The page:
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Molecular, morphological and pathogenic diversity of Sclerotinia sclerotiorum isolates from common bean (Phaseolus vulgaris) fields in Argentina

Abán, C. L., Taboada, G., Spedaletti, Y., Aparicio, M., Curti, R. N., Casalderrey, N. B., Maggio, M. E., Chocobar, M. O., Salgado, M., Galván, M. Z.
Plant pathology 2018 v.67 no.8 pp. 1740-1748
Phaseolus vulgaris, Sclerotinia sclerotiorum, analysis of variance, color, cultivars, dry beans, fungi, genetic variation, greenhouses, haplotypes, mycelium, rice, sclerotia, seed yield, seedlings, sexual reproduction, weather, Argentina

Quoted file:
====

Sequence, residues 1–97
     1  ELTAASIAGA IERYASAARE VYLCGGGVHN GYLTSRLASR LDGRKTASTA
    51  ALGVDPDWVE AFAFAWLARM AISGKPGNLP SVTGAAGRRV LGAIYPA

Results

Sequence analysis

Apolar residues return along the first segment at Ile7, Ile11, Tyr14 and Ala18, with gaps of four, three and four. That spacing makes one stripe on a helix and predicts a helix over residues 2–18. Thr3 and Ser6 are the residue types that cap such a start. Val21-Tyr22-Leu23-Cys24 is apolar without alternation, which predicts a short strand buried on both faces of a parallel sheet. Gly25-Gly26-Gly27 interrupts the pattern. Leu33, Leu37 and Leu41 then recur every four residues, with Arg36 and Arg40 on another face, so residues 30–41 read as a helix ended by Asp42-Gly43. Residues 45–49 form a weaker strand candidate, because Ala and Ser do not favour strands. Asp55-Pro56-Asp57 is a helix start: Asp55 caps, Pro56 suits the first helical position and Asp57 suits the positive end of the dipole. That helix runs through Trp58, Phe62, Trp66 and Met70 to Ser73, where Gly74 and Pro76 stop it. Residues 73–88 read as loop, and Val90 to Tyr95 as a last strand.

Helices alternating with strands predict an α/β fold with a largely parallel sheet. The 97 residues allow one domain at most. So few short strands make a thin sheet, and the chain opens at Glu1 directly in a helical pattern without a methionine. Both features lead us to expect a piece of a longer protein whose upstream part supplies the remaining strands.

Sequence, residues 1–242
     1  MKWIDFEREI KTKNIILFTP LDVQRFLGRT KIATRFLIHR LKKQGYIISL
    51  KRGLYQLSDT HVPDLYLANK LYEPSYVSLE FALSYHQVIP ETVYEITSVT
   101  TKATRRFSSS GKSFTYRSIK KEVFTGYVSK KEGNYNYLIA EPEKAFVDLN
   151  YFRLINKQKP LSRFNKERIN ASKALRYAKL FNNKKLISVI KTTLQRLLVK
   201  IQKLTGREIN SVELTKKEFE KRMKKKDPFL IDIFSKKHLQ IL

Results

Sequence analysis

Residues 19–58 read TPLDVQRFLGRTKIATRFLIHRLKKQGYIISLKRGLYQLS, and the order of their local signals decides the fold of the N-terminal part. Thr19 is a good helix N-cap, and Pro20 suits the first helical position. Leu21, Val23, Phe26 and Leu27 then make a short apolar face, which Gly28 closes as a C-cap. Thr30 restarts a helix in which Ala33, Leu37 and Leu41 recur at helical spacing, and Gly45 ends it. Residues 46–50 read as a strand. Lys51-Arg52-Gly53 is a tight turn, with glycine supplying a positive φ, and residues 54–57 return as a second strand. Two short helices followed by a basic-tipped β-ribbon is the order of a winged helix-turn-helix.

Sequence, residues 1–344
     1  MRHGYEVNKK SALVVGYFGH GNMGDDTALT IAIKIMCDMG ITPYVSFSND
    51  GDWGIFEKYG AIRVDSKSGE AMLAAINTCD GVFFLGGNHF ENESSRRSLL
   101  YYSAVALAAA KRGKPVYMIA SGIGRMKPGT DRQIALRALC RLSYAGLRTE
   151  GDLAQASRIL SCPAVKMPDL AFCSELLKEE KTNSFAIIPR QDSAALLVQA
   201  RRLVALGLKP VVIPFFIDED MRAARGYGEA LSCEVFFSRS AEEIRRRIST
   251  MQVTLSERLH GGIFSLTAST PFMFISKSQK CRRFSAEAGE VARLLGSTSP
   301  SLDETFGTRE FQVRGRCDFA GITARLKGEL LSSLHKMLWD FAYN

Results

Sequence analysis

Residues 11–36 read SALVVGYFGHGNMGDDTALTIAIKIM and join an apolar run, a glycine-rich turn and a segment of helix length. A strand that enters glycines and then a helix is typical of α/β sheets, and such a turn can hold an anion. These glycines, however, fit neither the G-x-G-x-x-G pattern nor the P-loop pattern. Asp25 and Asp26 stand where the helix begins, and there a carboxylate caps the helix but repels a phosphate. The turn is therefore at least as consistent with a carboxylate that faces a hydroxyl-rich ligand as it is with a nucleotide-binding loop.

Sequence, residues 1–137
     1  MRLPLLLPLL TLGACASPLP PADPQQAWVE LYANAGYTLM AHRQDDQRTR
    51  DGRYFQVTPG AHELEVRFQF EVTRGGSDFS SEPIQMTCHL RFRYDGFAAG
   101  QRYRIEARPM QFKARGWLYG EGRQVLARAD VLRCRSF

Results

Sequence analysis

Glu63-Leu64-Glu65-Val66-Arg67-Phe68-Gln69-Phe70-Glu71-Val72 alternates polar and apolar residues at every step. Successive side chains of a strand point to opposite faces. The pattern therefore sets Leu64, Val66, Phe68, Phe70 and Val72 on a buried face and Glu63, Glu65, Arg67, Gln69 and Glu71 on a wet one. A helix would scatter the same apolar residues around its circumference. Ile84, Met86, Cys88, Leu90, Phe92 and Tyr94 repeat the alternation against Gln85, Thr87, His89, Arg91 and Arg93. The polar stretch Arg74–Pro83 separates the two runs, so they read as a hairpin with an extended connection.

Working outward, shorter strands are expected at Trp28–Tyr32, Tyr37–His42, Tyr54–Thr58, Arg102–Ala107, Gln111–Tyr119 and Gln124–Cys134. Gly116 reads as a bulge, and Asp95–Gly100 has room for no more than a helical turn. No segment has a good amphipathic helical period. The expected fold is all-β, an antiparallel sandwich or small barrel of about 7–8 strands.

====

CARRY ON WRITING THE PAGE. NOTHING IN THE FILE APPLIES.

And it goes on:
White mould, caused by Sclerotinia sclerotiorum, is one of the most threatening fungal diseases occurring across major bean production regions worldwide. In Argentina, under favourable weather conditions, up to 100% seed yield losses occur on susceptible common bean cultivars. The aim of this study was to characterize the diversity of S. sclerotiorum isolates from six dry bean fields in the main production area of Argentina by means of molecular, morphological (mycelium colour, number and pattern of sclerotia distribution) and pathogenic approaches. Among 116 isolates analysed, high genotypic and morphological variability was observed. A total of 52 mycelial compatibility groups (MCGs) and 59 URPs (universal rice primers) molecular haplotypes were found. All the MCGs were location specific, while only 12% of the URP haplotypes were shared among locations. The molecular analysis of variance revealed a significant differentiation among populations, with higher genetic variability within the populations analysed than among them. The aggressiveness of the isolates towards bean seedlings was assessed in the greenhouse. Most of the isolates were highly aggressive, while no variation among locations was observed. The information generated in the present study provides, for the first time, information on the variability of S. sclerotiorum associated with white mould in the main common bean production area in Argentina. In addition, the findings suggest the occurrence of both clonal and sexual reproduction in the populations analysed. This work contributes to the development of sustainable management strategies in bean production aimed to minimize yield losses due to white mould.